By Fran LoBiondo
A Columnist for the Grapevine Newspaper
A decade and a half and many wigs later, our columnist has kept her sense of humor.
There’s no peace like a good hair piece. When I was diagnosed with cancer, my hematologist told me that the treatment I was about to get would have side effects.
“You will lose your hair. Permanently.”
(Before you read on, let me assure you that I won’t always be writing about cancer. It’s merely the reason I began to wear a wig, which is the topic for today. I’m a humor writer, not a tumor writer.)
I did not believe my hair would truly abandon me, but I cut it short and called my good friend, Marissa. She’s great on Just-in-Case missions.
“Come with me to buy a wig,” I begged. “I don’t want to go alone. Remember when I picked out my own prescription sunglasses? I looked like the masked Oreo Cookie Man. I prayed for three years for someone to sit on those things.”
“Be there in 10 minutes.” she said.
I aimed the car to a wig shop that came recommended by the Breast Cancer Bridge Program at Inspira Hospital in Elmer. As it happened, the town was having a community fair where the main street was closed to traffic and throngs of shoppers picked over vendor’s tables.
The sun was shining. Life went on.
Driving around the periphery looking for parking, I almost lost my nerve. How could life go on as usual when a good future for me was a lifetime of baldness? We found parking and went into the wig shop.
Marissa is the best companion to shop with. She has a wry comment for every occasion, and she usually has a coupon. But we both fell silent when we found ourselves surrounded by plaster-white head mannequins wearing wig styles from Sophia Loren to Lucille Ball. I felt as if we had been transported to the tombs of Pompeii.
The shop lady pulled down some boxes from the shelves. She could not have known that small heads run in my family. It’s true. My cousin’s husband called us “chick-pea heads.” No one wants to sit next to me in a group photo, because they look like caricatures, comparatively. It’s tough to find a small hat, let alone a wig.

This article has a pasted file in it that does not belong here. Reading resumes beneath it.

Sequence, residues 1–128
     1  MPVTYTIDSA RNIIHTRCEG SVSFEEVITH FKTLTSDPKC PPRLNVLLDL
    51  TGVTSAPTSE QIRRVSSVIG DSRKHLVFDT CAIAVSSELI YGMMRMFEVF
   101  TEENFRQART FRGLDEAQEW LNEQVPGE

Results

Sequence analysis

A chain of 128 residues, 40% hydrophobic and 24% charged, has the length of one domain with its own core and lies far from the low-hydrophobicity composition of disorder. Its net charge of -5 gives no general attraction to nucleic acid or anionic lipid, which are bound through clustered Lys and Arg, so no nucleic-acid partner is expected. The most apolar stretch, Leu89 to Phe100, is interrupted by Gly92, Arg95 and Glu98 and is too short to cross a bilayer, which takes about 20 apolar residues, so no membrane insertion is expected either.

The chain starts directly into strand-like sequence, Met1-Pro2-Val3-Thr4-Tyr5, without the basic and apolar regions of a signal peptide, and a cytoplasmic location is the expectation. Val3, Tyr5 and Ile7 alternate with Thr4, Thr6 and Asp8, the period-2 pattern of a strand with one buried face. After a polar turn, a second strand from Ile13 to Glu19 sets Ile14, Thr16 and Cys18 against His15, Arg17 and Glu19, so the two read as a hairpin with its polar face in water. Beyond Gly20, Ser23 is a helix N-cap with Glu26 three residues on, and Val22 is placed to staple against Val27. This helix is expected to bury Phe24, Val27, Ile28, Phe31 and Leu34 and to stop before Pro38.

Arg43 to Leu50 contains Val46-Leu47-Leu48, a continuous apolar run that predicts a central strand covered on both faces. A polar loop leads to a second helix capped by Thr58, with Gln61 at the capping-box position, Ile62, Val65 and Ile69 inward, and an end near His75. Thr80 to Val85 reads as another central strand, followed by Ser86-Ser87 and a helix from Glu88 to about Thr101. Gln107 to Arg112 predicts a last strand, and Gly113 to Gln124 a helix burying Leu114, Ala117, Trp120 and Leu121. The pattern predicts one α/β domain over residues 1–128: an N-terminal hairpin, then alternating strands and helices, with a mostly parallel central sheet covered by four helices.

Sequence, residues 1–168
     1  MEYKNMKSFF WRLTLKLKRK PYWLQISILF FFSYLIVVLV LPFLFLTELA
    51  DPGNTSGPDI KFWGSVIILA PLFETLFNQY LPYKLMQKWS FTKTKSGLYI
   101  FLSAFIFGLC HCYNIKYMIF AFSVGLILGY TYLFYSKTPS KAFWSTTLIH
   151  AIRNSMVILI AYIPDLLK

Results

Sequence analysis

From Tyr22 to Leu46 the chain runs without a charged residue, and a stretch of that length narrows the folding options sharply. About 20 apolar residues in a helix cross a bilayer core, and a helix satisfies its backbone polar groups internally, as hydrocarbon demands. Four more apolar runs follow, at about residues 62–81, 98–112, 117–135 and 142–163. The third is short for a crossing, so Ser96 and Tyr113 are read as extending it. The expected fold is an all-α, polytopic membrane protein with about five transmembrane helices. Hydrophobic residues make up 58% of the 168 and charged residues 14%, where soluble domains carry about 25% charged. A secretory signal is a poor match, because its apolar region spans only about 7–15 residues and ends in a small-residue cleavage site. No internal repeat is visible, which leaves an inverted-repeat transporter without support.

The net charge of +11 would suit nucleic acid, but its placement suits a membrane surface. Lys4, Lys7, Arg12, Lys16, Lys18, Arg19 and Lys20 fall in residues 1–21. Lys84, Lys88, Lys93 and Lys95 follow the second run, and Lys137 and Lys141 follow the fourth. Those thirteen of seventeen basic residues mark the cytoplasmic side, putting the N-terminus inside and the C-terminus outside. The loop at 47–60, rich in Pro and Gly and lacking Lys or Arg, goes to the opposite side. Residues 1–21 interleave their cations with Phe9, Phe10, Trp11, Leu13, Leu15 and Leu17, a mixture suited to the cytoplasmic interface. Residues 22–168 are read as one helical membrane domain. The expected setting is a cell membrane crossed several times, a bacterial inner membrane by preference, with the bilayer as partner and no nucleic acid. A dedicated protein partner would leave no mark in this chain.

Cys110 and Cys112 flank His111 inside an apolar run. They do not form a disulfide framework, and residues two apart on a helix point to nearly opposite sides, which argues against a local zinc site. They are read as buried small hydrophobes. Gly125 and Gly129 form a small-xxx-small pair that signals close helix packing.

I tried the first wig on. It was too big and too dull. The second was too big and too red. The third one was okay, color-wise, and it was labeled Petite.
“This one really pinks you up!” the sales lady enthused.
I bought the petite wig. As she was wrapping the box with ribbons, the shop woman fixed me with a severe look and gave me this sage advice:
“Now honey, when you’re wearing this, don’t go near a hot oven, because it can catch fire.”
We barely made it out of there before we ignited, laughing like hyenas.
Three days later, reality had set in and I felt beset by fear of the future. The phone rang.
“I’ve been thinking about you,” Marissa said.
Aw, that’s so sweet, I thought. Friends really are forever.
“And I’m thinking you’d better not do any baking, because if I have to come over there with a broom and put out your wig, I give up on you.”
Sorry, did I say forever? I meant fair weather.
The years come and go, and so do the wigs. I wore the first one to cover my head for a while. Then I went au naturel with my real hair, fuzzy as it was. It feels better. But whenever I wore a wig, I got, “Oh, you look so pretty. You should wear that all the time.”
“Really?” I think, “Because it feels like I’m wearing Davy Crockett’s coonskin cap!”
But I smile and say, “Why, thank you very much.”
Because, wig or no wig, when you give up your hair to save your life, bald can be beautiful, indeed.